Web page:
On top of adoptions, GGA also does behavioural consults and rehabs. Recently there has been an influx of behavioural consults related to bites and “aggression”. This hasn't all been newly adopted hounds, either. Whether you’re a new adopter or an old hat, the following is worth heeding and remembering.
Your greyhound is a dog first and foremost, a Canis lupus familiaris. Some adopters forget this, and immediately want a snuggle buddy, or fail to provide what greyhounds have had their entire life up until now - structure, rules, schedules, and their own space.
If you rush the transition from track life to house pet, you will be setting you and your greyhound up for failure. Your foster family has worked hard to assist in this transition, but there is still work as an adopter that you need to continue.
What do we mean by transition? While it is true that greyhounds are loved, pampered, and exposed to many things from whelping to retirement, there are certain things and certain situations that are all new. Let us explain. Previously your retired racer lived in a large kennel with his or her pack and possibly even littermates. They had humans they knew and that loved and doted on them. They had a strict routine. They knew exactly what was expected. Maybe - most importantly - they had their own space that was theirs alone, where they ate, relaxed, felt safe, and slept. No one else was allowed into that space. Without question it was theirs!
Now, remove all that familiar environment/routine/expectations. Take away all the humans and all the greyhounds they knew, and that space that was theirs alone. Thankfully greyhounds are raised well and raised with love which usually leads into establishing the groundwork for a well-adjusted pet. But the whole change can be super confusing. Your new greyhound is going to be looking to make sense of his or her new world, they will be looking for routine AND they will be looking to claim their own space.
Do you see where we are going yet? Space is a resource. It is a resource that your greyhound values greatly and greatly enough to defend any space they see as “theirs”. So, if you have rushed the transition - either as a foster or as an adopter - and you’ve decided that ‘they don’t need a crate’ too early and stop supporting your greyhounds transition to using it or even worse never bothered to get a crate in the first place (the very crate that your adoption group recommended using), you have stopped using their muzzle, you have allowed your greyhound free run of the home and allowed him/her up on the furniture… your greyhound now sees your home and all those comfy spots as theirs, and there is nothing stopping a growl, a snarl or a bite when you try to make use of these. This is where the problems can begin.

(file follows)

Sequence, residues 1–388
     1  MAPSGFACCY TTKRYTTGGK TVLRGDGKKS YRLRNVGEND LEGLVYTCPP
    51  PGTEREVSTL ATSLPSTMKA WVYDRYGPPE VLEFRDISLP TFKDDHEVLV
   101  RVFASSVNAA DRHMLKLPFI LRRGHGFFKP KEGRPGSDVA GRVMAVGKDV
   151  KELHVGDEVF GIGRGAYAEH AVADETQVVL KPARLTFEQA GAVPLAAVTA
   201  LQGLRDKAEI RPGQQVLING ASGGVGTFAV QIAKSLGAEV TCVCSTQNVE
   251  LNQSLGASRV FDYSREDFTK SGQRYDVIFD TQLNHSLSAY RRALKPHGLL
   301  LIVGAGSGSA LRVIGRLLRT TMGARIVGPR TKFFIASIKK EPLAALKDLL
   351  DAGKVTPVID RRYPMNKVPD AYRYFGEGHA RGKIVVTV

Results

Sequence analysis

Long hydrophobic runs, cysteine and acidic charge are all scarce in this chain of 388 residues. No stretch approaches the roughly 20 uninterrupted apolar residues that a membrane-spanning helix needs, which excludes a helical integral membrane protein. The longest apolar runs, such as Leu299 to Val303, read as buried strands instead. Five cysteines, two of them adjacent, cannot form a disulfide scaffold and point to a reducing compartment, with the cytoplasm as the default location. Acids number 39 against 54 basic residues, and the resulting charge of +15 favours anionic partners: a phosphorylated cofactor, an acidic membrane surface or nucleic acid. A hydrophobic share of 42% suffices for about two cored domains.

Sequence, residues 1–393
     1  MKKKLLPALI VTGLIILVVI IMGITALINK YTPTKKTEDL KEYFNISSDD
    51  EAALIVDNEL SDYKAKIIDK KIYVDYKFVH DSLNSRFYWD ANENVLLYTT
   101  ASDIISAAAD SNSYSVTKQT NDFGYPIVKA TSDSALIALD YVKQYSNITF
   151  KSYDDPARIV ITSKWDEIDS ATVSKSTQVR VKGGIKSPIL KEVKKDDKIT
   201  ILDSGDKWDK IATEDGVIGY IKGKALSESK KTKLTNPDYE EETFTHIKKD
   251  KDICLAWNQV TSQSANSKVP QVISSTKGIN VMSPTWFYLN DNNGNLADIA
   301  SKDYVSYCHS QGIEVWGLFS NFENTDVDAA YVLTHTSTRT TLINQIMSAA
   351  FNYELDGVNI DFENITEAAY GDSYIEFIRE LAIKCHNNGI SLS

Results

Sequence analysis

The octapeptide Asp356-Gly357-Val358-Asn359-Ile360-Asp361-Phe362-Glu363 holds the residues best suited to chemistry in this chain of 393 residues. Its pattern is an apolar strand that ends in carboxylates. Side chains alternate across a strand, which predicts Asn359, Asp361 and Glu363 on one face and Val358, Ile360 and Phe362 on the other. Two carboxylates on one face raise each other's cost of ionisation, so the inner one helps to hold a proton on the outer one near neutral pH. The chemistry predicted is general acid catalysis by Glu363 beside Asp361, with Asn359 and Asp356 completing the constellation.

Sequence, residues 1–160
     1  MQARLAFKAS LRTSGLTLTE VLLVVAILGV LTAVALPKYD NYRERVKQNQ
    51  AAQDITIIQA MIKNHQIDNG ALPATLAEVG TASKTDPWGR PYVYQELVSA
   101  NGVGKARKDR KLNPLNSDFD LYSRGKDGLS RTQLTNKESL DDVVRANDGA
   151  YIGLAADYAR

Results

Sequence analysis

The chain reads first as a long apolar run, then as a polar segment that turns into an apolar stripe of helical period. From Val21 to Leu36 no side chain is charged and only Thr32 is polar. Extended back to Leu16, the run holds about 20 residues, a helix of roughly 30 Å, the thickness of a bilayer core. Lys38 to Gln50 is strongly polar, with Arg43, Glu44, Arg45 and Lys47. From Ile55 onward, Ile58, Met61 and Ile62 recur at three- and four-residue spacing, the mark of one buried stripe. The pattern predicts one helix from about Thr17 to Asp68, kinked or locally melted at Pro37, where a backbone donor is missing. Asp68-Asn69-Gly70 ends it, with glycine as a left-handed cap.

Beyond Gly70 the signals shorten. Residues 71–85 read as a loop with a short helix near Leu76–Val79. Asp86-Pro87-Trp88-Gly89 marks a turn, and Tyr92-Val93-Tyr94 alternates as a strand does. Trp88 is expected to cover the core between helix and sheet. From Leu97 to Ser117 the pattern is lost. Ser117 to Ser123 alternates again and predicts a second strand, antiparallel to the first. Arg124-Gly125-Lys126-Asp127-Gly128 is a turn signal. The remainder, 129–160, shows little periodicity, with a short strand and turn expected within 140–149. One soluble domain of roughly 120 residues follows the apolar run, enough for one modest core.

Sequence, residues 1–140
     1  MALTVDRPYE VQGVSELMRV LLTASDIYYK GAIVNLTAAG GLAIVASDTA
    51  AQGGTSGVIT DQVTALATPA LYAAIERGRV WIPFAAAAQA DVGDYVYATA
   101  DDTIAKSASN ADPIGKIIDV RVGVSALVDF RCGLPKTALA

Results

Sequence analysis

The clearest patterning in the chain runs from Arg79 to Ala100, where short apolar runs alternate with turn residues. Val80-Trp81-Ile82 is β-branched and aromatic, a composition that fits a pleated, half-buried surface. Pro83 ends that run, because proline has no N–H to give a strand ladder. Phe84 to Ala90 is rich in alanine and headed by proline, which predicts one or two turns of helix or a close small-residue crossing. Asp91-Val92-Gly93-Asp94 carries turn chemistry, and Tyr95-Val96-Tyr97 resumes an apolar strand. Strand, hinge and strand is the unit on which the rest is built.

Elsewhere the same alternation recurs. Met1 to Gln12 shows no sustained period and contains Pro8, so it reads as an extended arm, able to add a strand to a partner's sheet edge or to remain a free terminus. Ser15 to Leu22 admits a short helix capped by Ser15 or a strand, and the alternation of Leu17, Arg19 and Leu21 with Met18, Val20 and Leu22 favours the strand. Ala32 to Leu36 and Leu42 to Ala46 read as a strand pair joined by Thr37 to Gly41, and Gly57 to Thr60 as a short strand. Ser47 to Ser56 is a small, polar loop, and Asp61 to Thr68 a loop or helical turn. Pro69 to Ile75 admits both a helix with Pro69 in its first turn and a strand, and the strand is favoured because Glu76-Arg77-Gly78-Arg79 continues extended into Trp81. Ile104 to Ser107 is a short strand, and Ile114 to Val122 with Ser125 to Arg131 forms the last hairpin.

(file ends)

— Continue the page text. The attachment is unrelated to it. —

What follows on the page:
Let's all say it together: "crates are good!" "muzzles are good!" "rules and boundaries are good!"
Now that we have that out of the way, stop anthropomorphizing your greyhound, stop the pity party, and stop feeling ‘bad’ or ‘guilty’. Understand that your Canis lupus familiaris needs and thrives on rules and boundaries. One day you might be able to allow free run of the house, and one day you might be able to allow them up on the furniture - if they even want to! - but today, and for the next three to six months even, is not that day. This is not us or your adoption group being mean. It is to support decompression and instilling proper manners. At the risk of sounding too much like Cesar Millan, you do need to establish "rules, boundaries and limitations", and your greyhound needs to respect you as the owner, as their leader, and as giver of all the good things (read: resources).
So - let's set our greyhounds up for success!